The only thing I’ve ever really taken from the Antiques Roadshow historically is the ridiculously catchy opening theme tune. The programme was sort of the easy watching Sunday TV programme you’d have on in the background with the smooth and sophisticated Fiona Bruce running through some wonderfully fantastic highlights from the show. Before today, I felt like going to the actual live screening of the Antiques Roadshow was one bold step into the day of a life of a pensioner. Technically speaking it really is just that; the average age was about 65. The Antiques Roadshow is actually full of weird and wonderful surprises, aswell as a lot of posh people wearing tweed and silly hats but it’s also a really fun day out. Find out about my pensioner day out…
Naturally when presented with the opportunity to go and see the Antiques Roadshow live in Bristol on a grey and murky day I found myself begrudgingly driving over there and standing in a queue just craving caffeine. Luckily my Dad offered to go and get some coffee like a true mindreader and the morning was quickly transformed. Fiona Bruce, Antiques Roadshow and BBC news presenter was spotted pretty early on in the day being interviewed – surrounding her was a distant group of terrible paparazzi consisting of old ladies in anoraks and then me.
Hearing Fiona Bruce say ‘let’s take a selfie, shall we?’ was a personal highlight.
We’d brought along two items to be valued, one being a pair of engraved spoons which dated back to the 18th century and were used to serve up berries, the other was a small brown figurine of Atlas holding a globe which turned out to be a telegram seal. Unfortunately the oldest item in my flat is an Ikea coffee table dating back to approximately 2007 so I was a mere spectator for the day. The experts were dotted about at tables depending on what item you were bringing along… jewellery, militaria, ceramics, paintings, silverware etc. The format is that you queue up to get to the reception consisting of a number of experts who then tell you join another queue to see another expert – so it’s a really good day if you like queuing, and experts.
The whole thing felt really British with a Pimms tent just on the other side of the square and a nice display of umbrellas covering the crowd like you see at Wimbledon on TV when it’s chucking it down. After our items got valued we lost a bit of momentum but I wanted to make sure I’d soaked up all of the atmosphere, plus I found the whole TV recording process hilarious – the experts getting clearly irritated with the producers telling them to repeat certain phrases or arch their body to the left to avoid continuity errors.
Somehow I managed to place myself next to a producer who said ‘make sure we get a crowd for the Banksy’ – I had clearly just heard what I wanted to hear and just dismissed hearing the word ‘Banksy’. Then an easel turns up next to me, and a very thinly covered plank of wood… So my not-so-secret-secret was that I would get onto TV, and as I ended up standing next to the art dealer, Rupert Maas (painting specialist, dealer and gallery owner) I realised I would definitely make the cut. I like to think my TV debut featured an array of emotions, curiosity, surprise, wonderment – hopefully I didn’t overshadow Rupert, actually when we see the footage you’ll notice that he outshadowed me being SIX FOOT SIX. (When he stood infront of me it was the classic ‘afroman sitting infront of you in the cinema’ moment.)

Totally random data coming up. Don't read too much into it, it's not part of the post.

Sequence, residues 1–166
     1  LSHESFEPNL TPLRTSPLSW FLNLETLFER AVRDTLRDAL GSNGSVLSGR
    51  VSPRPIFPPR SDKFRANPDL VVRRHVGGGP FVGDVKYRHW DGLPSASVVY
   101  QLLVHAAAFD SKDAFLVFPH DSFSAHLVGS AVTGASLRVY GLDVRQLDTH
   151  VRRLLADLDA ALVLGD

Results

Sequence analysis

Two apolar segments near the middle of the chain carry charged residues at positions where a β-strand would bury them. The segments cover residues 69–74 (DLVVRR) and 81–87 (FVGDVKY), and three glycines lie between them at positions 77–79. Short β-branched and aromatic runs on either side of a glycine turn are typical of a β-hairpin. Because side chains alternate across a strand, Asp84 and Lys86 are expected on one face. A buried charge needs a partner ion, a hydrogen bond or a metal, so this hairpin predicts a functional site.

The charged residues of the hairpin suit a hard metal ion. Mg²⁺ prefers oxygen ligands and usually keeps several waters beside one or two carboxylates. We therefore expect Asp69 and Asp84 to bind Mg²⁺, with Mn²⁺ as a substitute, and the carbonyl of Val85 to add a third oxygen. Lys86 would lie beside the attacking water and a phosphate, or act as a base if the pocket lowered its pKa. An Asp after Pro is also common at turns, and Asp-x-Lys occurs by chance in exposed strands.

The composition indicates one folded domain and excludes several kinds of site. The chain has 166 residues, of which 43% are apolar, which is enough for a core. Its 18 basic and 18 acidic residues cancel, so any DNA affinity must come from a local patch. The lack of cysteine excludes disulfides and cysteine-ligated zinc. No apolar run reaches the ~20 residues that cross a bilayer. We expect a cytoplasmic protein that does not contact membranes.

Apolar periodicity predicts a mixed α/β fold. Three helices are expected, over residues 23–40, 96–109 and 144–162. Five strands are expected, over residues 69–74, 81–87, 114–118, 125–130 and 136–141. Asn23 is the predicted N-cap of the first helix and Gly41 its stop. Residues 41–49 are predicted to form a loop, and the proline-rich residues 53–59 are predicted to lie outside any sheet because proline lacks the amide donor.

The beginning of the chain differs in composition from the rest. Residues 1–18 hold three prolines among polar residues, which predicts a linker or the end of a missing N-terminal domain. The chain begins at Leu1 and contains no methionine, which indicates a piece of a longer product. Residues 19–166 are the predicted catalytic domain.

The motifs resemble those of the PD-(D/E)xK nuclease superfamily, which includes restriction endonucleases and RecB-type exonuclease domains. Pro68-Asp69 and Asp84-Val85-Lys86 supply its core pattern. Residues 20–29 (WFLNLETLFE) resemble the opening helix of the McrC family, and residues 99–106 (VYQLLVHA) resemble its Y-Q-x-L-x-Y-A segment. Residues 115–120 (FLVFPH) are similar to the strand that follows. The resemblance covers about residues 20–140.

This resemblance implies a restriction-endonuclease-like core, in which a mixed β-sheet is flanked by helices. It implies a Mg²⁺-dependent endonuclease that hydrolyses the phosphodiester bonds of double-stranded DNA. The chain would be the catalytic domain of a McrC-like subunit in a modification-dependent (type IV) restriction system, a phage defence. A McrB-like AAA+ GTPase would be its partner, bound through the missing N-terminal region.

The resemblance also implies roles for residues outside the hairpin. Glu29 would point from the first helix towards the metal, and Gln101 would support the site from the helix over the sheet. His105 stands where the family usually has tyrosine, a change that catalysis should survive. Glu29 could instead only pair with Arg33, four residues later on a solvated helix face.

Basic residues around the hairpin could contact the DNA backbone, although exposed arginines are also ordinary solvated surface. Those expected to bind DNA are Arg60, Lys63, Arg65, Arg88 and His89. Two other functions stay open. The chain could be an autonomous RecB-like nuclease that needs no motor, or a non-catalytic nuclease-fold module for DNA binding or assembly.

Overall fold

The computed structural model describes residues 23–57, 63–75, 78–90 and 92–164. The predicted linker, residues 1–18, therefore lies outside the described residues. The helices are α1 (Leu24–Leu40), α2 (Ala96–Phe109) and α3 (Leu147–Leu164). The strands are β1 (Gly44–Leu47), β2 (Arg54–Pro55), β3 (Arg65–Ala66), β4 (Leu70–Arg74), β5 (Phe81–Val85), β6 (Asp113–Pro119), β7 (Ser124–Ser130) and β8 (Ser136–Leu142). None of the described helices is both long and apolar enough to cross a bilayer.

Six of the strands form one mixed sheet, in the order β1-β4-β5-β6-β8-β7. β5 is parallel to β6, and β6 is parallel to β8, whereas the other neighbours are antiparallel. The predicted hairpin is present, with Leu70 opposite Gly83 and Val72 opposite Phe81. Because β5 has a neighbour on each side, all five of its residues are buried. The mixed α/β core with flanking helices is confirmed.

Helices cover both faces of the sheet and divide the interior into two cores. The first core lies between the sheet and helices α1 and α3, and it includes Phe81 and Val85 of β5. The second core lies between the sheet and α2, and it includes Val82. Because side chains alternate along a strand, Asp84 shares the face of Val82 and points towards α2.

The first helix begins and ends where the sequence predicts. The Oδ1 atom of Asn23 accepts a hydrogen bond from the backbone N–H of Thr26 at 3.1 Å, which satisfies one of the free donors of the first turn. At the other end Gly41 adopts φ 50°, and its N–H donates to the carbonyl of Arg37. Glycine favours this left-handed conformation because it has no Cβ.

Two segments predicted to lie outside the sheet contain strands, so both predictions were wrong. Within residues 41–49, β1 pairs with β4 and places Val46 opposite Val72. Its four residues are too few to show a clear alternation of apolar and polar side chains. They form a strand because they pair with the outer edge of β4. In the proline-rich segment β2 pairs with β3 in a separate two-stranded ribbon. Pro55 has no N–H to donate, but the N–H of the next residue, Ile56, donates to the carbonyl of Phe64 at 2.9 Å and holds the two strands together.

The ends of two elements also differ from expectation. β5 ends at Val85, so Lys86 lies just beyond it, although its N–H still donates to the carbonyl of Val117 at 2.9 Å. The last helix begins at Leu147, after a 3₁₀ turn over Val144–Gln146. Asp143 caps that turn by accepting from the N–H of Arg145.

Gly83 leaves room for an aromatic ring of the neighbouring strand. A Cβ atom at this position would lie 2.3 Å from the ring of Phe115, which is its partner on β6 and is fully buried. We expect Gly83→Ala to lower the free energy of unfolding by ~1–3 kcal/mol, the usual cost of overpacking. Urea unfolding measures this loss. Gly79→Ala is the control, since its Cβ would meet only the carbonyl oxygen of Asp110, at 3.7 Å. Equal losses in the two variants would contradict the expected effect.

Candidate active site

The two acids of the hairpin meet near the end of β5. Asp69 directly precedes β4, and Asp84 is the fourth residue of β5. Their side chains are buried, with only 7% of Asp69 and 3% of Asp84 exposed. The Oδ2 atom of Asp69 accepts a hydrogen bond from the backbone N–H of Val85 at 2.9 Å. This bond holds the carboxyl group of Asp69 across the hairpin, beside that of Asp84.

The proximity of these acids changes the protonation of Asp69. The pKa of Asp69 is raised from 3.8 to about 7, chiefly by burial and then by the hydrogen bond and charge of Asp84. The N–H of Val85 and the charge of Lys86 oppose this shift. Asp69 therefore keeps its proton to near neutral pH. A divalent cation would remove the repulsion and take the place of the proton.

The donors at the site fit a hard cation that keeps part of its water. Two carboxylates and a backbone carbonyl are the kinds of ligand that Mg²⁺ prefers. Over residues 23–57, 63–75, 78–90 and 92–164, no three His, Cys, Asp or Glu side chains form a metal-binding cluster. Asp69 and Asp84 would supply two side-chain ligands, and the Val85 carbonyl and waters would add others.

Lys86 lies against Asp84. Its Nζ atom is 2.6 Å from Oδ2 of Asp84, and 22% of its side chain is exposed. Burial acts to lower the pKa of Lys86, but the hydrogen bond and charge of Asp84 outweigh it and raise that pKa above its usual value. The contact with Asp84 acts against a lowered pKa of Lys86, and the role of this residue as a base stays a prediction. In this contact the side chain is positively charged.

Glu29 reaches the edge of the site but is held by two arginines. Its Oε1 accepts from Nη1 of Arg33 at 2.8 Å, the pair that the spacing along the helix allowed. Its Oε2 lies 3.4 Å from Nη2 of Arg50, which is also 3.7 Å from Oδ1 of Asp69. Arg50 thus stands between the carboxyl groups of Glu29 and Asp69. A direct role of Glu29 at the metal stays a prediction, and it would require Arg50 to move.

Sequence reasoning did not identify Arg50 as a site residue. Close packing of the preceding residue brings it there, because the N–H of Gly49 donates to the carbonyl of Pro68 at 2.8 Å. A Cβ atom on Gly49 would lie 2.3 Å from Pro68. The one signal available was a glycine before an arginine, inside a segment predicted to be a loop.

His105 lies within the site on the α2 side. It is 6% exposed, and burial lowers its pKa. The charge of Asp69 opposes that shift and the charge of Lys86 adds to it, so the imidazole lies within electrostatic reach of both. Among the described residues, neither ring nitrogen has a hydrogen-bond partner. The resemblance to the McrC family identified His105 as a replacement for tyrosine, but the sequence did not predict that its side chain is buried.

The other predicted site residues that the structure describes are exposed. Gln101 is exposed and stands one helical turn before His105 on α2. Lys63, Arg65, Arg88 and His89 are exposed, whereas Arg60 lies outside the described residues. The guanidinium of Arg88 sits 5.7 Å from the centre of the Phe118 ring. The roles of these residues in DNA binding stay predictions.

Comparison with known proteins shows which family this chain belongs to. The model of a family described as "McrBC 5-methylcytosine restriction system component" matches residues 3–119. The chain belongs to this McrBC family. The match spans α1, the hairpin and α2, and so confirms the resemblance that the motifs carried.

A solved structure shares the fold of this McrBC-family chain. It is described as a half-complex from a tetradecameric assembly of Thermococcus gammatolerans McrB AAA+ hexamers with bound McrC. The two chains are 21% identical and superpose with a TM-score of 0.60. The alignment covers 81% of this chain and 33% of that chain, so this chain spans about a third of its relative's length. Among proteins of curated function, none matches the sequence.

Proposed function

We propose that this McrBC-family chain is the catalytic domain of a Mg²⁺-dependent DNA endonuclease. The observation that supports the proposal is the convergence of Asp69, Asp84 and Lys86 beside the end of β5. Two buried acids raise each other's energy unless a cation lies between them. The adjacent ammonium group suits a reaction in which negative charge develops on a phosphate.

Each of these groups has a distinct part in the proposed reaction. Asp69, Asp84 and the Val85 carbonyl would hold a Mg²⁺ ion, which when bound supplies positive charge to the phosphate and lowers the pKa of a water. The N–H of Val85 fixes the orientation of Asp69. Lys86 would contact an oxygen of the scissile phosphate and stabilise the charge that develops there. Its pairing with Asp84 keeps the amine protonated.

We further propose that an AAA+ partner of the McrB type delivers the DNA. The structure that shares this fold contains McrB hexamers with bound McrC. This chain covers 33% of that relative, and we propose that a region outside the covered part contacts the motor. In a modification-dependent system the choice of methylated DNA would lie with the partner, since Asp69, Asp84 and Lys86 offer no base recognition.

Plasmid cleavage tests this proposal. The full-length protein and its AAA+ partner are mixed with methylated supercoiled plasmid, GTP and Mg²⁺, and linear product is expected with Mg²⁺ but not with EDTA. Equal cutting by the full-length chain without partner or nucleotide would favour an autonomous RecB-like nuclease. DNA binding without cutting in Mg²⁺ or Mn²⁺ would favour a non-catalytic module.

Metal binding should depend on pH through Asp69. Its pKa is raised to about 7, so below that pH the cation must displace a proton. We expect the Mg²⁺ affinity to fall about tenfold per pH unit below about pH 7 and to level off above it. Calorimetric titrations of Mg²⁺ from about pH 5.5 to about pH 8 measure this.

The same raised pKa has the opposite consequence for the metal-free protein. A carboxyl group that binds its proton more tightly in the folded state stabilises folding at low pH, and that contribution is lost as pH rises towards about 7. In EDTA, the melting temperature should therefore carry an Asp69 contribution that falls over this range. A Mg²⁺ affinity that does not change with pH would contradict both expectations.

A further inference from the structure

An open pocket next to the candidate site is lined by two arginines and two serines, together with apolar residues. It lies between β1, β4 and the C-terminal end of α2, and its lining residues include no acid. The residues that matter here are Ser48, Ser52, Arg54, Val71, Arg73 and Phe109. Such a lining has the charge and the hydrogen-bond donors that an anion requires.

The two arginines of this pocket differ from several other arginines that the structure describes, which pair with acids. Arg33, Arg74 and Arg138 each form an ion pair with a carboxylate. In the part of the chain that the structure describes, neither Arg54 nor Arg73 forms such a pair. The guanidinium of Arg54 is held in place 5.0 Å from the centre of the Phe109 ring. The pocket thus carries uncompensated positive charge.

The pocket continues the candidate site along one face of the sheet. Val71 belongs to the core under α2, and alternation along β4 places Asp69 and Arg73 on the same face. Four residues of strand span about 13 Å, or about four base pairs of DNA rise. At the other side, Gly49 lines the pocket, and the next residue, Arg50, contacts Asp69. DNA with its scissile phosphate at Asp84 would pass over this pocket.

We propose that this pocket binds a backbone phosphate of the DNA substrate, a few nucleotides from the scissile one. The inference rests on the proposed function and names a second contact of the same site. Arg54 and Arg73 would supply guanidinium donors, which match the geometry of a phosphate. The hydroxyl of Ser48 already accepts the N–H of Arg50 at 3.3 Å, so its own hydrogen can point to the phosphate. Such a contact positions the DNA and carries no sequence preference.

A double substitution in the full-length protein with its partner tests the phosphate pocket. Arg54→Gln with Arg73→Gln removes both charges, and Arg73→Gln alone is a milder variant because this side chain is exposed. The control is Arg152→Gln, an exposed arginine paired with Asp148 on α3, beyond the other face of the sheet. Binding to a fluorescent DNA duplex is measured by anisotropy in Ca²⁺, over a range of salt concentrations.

The piece of Banksy in question was the ‘Mobile Lovers’ latest masterpiece which was completed on April 12th of this year so it clearly an exception to the antique trend on the show. Dennis Stinchcombe, of the Broadplain Boys’ Club in St Pauls, had claimed the artwork by cutting it off the wall which it belonged – and after a number of arguments about ownership, a letter from Banksy to Dennis had confirmed he should be the owner for the good of the charity. Mobile Lovers is a great piece of social commentary of the current world we live in today through the construct of a lover’s embrace. We download messenger and community apps on our phones to become more immersed within our digital communication that natural human interaction passes us by.
I won’t tell you what the outcome was (despite giving it away on various social media sites..).
After the Banksy surprise I was inspired to hang around in the chance of seeing some little expensive chestnuts come to light. I hung around the painting and pictures table which was hit and miss, there was alot of “railing art” which is art that was historically hung on park railings – hung high and priced low. The experts were really polite in passing on feedback, even in the face of artwork which was discovered on top of a wardrobe with a date stamp of 1979, a brand new frame holding a painting that looked a bit naff – the experts kindly said ‘Just keep it and enjoy it’. There were some really cool antiques, miniature sewing machines, giant bells, a model of the Suspension bridge. If you were lucky enough to be selected to be filmed with your antique then you’re invited into the makeup room which was held within one of the Estate rooms next to the cafe – I wondered in there thinking it was part of the cafe – I wouldn’t recommend doing that.
Ok, ok, so I snobbed the Antiques Roadshow as a pensioner’s day out, in conclusion I want to retract that statement and say that it’s a surprisingly fun day out even for people under 30. All in all we spent five hours at the show, eavesdropping valuations, watching the BBC TV crew work hard in delivering a good production and ofcourse standing behind very tall experts looking at a Banksy. I can confirm I will be on TV but not sure when, no doubt I’ll be showering screen grabs of my awkward looking stance on here so keep posted!